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Dilemmas: Ex-partners

Dear Virginia, My husband was married before and had two children. He and his wife get on well, and she’s always pleasant to me.

I’ve just had a new baby and she’s married again, and she’s asked us all over for a party.

I’m starting to dread it. I just don’t know how I can cope. I feel I will be at such a disadvantage — I’m much younger than her, and feel I'm just tagging along.

I can’t sleep at night. I’m tempted to say I have to look after the baby and stay away. Yours sincerely, Barbara

Virginia says

WHAT a pity that, rather than be pleased and flattered that you've been asked over by your husband's ex, you feel grounddown and miserable. Because the truth is that there's no way you'd have been invited were you thought of as some drag on the proceedings, and it's a sign of the ex's affection for your husband's new family as a whole that you've been included.

Perhaps she also wants her own children to get to know their half-sibling, and is trying to construct an extended family in which love and harmony reign rather than bitterness and resentment.

Were you to cancel, I'm certain she'd see it as a snub, because it takes quite a lot of effort to be as inclusive and generous as she's being, so whatever you do, go, even if you arrive late or leave early.

But I'm wondering if your gloomy forebodings aren't partly a result of mild postnatal depression. There's nothing like depression to make you feel like a piece of rubbish, even though, of course, that is a completely distorted view of the truth.

Now, I wouldn't dream of saying anything like “You'll enjoy it when you get there”, even though it's probably true. Nor would I expect you to be grateful.

So I suggest you do what my grandmother used to advise when faced with a ghastly situation. She'd say: “Offer it up.” You could see it as a sacrifice on your part to make your husband feel good about his new family, your baby to feel part of a bigger whole, his ex so that she can lay the ghost of a divorce to rest, her new husband so that there are no skeletons in the new family's cupboard, and her two children to give them a chance of having a new family member to love.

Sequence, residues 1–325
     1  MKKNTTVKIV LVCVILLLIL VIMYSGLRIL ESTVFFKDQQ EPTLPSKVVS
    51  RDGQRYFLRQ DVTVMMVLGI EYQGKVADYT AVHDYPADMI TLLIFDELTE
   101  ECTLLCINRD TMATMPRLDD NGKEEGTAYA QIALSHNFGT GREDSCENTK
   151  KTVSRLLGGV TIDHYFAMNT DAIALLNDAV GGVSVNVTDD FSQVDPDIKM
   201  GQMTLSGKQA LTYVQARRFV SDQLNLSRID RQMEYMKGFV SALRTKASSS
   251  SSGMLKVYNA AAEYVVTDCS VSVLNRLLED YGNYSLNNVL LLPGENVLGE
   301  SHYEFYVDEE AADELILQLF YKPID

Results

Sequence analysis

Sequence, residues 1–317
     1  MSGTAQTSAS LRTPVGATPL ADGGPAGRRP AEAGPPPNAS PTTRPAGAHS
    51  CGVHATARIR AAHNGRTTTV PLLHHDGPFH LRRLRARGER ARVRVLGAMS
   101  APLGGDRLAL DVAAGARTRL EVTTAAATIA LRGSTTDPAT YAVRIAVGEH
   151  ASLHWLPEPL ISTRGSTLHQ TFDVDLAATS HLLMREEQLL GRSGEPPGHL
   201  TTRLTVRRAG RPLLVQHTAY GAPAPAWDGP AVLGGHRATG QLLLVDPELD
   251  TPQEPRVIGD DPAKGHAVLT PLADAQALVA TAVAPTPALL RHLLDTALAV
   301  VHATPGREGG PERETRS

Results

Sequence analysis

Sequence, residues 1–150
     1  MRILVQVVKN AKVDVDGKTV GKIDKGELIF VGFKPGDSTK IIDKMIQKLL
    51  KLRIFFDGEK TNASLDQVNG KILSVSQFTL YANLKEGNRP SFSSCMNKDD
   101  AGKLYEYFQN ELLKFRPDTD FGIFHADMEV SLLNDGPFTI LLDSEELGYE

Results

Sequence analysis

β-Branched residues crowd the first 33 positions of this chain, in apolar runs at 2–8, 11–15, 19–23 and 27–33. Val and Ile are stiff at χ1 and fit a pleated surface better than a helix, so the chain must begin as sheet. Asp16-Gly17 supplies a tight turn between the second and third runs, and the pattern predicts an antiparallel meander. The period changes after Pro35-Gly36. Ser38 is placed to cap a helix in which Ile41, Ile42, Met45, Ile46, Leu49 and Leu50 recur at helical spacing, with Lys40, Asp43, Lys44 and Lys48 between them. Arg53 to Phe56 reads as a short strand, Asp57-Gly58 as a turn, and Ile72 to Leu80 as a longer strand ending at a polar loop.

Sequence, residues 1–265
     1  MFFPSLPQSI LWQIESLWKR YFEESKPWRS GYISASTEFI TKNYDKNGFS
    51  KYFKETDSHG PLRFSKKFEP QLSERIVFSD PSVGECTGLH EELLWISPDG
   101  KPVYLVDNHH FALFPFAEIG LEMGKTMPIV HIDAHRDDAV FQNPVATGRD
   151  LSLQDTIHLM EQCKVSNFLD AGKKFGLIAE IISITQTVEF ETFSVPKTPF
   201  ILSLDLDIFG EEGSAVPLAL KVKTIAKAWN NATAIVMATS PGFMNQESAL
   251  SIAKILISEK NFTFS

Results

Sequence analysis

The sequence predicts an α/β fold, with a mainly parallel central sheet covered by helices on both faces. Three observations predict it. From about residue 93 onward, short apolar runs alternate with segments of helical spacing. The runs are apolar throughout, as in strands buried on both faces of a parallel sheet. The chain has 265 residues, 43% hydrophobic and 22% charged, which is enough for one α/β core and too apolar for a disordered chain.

Don't try to change your mind about how you feel about the party. Continue to dread the event by all means. But once you have invested this dread with some meaning, you will find that though you won't enjoy it, you may get fulfilment out of the act of bearing awkwardness, shyness and embarrassment for the sake of a greater good.

The readers say


You have just had a baby, so no wonder you are stressed out. Sleepless nights and the demands of a newborn can totally overwhelm.

Your anxiety might also be postnatally linked — if this persists, please consider seeing your GP.

You are lucky to have an ex in your life with a heart big enough to embrace her former husband's new family, and who wants all the children to have a good time with all the important adults in their lives.



Don't be a goose — your husband loves you, his former wife is pleasant and wishes to be hospitable, and you and your new baby will be the centre of attention. However, you obviously feel a little vulnerable.

Why not ask the ex-wife if you might have the use of a quiet room where you could feed and change the baby, and where it could have a nap (you, too, if you need it). I feel sure that, with goodwill — and there seems to be plenty of that — you will all have a great time.



IT IS understandable that your feelings are all over the place with a new baby in the house and all the fatigue and sense of inadequacy that new motherhood brings.

However, if you cannot match the generosity of spirit your husband's ex-wife is showing, you will look like a spoiler.

Your husband's children are no doubt looking forward to seeing their father , so you should make an effort to join in.



You are lucky your husband and his ex get along well and she has always been pleasant to you. The party is only for the evening; she may be quite happy to coo over your newborn and let you have some space.

I think you will be pleasantly surprised that the evening will go much better than you think it will. If you stay at home, you'll mope and feel left out while the rest of the extended family are all having a good time.

Go along, relax and enjoy yourself. Don't be afraid to ask for help and you may find the other two children will love to have their half-sister or brother to fuss over.